Friday, June 21, 2013

Shout-out to the shooters postcript: The pride of photographers

With the news that the chickens quickly came home to roost (Chicago Sun-Times photography division), I feel impelled to revisit my salute to newspaper photographers.

If you haven't heard, the Sun-Times, after discharging its entire photography staff, soon laid an egg by failing to get a photo of long lines at a new Chick-fil-A in the Loop to accompany its reporter's story, in comparison to rival Chicago Tribune, which still employs photographers, oddly enough. Instead, the story was illustrated by a stock shot of the fast-food outlet's product. I guess it will take a while for the S-T to keep its iPhone-toting word people from looking like dumb clucks when it comes to photo coverage in the print edition.

Anyway, I may have idealized  photographers in my earlier post.  I will do so here in a different way, by recalling a couple of unforgettable examples of photographer pride and sometimes injured self-esteem. It happens a lot, and recent technological developments in newspaper journalism have merely underscored the history of disrespect.

The photo-department gender barrier was finally broken at The Flint Journal many years ago by two women, hired in quick succession. I believe the second was a young Hawaiian who still had a pioneering attitude. Quite gifted technically, and with a keen eye, she was the only photographer I ever argued with while on assignment.  It was a civilized, muttered-under-the-breath sort of argument, and I lost. We were doing a feature on a local sculptor whose work in clay and wire, often using  basket or container forms, was gaining increased attention far beyond Flint. The photographer and I went to his home studio, and in and around my interview, she snapped pictures.

The sculptor showed us around his cluttered workshop, full of paint cans, strips of wire, clay, works in progress and tools. Naturally, my reporter's perspective was that a photo here would tell quite a lot about the artist in one abundantly filled shot, reducing the need for me to have a couple of paragraphs of description.

The shooter was having none of it.  She wanted quite deliberately to avoid clutter — even if it meant turning aside the chance to get an information-packed image. I pleaded with her just to take one picture of the studio to add to the mix she would turn in. No way.

Back at the office, she submitted several great images, and they supplemented, and even enhanced, my story better than I had any reason to expect. Maybe she was right in nixing the studio shot, but it still stung a bit. I'm sure she felt my suggestion as intrusive of her professionalism as I would have felt if she'd said, "Be sure to describe how his face lit up when he answered that question" or "That will be a great quote in your story; put it high up."

Another thing about her: She must have prided herself on turning in hard-to-crop photos. I was often charged with laying out arts pages, and, when she was the assigned photographer, it was typical for me to get several glossies, all of them quite usable, with the unspoken hint that they would best be run "as is." If she moved in tight on a face, for instance, the top of the head was often missing. I thought of this as an importation from art photography; in newspaper work, if you were laying out photos, you didn't want to be working with prints that wasted a lot of space, true — but you also weren't expecting next to no chance to crop a photo without ruining it. This woman was an expert at framing an image and, by extension, framing the debate that always lies just under the surface between word and image people on newspaper staffs.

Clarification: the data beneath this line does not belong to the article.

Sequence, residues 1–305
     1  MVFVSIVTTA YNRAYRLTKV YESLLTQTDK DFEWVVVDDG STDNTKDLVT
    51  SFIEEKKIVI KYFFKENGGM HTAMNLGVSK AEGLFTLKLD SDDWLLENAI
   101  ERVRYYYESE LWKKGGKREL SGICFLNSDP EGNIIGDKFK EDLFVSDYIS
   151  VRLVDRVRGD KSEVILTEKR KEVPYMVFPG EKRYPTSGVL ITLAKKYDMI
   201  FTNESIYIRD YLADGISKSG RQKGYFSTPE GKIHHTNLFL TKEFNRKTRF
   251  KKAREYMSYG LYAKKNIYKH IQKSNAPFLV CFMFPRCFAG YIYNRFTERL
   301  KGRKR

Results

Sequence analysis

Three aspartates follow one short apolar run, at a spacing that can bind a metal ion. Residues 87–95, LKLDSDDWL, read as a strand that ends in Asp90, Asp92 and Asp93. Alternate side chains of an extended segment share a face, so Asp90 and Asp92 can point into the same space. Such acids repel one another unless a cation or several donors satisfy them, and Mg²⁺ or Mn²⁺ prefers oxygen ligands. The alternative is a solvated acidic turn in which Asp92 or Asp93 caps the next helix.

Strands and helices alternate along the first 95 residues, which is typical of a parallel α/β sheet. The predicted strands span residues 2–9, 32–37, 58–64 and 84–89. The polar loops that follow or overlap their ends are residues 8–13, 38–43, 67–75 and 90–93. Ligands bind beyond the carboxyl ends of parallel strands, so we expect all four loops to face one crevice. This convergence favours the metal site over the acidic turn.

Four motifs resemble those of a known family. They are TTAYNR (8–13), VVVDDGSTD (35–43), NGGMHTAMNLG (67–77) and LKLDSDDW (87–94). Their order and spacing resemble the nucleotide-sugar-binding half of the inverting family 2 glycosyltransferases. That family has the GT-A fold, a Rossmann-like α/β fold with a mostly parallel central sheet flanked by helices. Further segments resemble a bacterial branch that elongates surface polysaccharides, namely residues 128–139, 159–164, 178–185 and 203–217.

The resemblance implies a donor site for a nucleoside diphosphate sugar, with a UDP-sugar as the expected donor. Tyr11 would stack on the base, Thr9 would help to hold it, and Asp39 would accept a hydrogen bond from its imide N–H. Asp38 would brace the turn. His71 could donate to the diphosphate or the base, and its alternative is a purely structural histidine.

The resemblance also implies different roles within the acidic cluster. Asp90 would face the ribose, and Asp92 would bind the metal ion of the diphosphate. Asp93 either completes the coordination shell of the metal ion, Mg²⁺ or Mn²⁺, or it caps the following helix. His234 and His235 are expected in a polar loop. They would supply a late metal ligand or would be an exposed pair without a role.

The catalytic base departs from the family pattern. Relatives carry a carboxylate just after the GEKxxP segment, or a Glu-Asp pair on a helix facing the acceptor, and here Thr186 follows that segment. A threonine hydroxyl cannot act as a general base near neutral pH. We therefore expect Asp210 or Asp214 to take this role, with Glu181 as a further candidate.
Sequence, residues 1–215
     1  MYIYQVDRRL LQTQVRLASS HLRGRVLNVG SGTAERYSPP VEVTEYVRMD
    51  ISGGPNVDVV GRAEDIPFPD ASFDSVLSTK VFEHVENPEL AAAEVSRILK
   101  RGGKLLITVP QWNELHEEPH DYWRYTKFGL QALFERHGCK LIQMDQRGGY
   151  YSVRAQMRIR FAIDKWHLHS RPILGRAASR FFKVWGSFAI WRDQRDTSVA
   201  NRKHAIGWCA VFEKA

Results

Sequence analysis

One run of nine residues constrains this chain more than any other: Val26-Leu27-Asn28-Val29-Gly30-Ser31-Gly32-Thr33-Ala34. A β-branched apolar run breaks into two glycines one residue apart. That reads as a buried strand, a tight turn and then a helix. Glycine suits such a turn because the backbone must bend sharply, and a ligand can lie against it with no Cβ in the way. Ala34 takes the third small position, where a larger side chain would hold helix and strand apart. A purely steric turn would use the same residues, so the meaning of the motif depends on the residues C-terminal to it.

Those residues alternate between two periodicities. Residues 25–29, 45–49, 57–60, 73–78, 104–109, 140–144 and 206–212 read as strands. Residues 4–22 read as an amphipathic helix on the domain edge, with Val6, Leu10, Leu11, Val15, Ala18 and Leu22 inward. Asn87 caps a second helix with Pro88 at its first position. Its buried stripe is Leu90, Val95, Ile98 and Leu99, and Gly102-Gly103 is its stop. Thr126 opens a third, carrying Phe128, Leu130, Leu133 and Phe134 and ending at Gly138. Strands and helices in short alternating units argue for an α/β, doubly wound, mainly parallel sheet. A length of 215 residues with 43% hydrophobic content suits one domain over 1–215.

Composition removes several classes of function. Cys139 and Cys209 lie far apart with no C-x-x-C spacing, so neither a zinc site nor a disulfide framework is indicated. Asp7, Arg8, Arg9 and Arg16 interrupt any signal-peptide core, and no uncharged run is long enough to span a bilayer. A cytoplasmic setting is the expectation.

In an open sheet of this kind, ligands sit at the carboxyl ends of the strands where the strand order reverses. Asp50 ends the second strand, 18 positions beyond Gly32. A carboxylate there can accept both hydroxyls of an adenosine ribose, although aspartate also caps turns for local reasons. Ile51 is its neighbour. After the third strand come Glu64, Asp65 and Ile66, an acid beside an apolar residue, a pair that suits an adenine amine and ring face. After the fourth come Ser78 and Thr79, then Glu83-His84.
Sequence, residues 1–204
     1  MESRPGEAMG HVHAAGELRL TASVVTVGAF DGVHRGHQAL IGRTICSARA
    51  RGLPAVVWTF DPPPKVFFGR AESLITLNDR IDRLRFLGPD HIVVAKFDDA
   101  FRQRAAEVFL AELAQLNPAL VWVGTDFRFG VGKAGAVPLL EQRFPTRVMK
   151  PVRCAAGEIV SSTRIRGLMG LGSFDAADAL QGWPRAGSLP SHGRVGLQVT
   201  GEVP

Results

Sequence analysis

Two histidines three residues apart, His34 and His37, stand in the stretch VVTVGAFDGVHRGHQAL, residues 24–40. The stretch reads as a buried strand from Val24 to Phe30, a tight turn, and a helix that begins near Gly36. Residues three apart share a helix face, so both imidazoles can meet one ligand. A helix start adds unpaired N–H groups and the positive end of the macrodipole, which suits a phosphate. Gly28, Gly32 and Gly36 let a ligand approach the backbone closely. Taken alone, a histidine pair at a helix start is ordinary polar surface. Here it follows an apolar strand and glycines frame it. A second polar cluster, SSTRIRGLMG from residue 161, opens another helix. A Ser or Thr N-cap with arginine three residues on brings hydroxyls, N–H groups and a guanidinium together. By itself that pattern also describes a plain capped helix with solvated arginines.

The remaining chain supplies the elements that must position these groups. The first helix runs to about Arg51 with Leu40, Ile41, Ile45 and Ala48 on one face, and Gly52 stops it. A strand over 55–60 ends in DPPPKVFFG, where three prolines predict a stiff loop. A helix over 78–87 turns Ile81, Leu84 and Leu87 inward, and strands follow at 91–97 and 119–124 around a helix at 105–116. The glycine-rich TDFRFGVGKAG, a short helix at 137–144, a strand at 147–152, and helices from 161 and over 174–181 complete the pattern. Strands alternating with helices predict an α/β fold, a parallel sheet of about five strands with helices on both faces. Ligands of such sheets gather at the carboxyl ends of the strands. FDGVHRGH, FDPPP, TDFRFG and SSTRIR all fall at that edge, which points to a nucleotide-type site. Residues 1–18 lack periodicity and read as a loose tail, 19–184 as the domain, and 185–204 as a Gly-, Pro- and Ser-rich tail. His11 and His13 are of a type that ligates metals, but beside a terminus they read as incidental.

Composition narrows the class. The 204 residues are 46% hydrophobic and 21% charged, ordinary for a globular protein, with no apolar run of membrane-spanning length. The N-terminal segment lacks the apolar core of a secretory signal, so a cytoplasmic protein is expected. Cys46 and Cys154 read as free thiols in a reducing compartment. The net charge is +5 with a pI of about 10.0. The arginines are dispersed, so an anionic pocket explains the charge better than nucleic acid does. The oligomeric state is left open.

Here's another instance of photographer pride from my Journal days. Out in the Thumb of Michigan, at the very fringes of our eastern coverage area, a bank robber (I think it was) remained at large for days on end, giving the local constabulary fits. We'd covered the story,  so were receptive to the information that the perp had arranged to turn himself in without a fight. The Journal accordingly sent a reporter and photographer out to the little town of Yale.

Sure enough, the cops-and-robber arrangement came to pass. A disappointed, sullen expression on his face, the handcuffed suspect was  caught on camera about to be escorted into the squad car, flanked by two policemen. It was just before the last moment of the "capture" ritual, when a law-enforcement hand is placed on the suspect's head to keep him from bumping it as he gets into the back seat. (I love the recent New Yorker cartoon of such a scene. The hand-on-head cop is saying to the arrestee: "Hate the crime, love the conditioner.")

But something happened after the photo was turned in. The photo editor apparently thought there was something prejudicial about presenting the suspect in an identifiable manner. Presumption of innocence, after all, don't  you know! So when the photo was published, a black bar had been neatly placed over the young man's eyes, giving that day's Journal something of the look of the old Confidential magazine, which frequently sought to spice up its celebrity scandal coverage by resorting to such a rudimentary protection of identity.

Lots of us at The Journal had a good laugh over that published photo; I wish I had saved it. The photographer was not amused, however: "They sent me all the way out to Yale, then they ruined my picture!"

Forgivable vanity, in my book.

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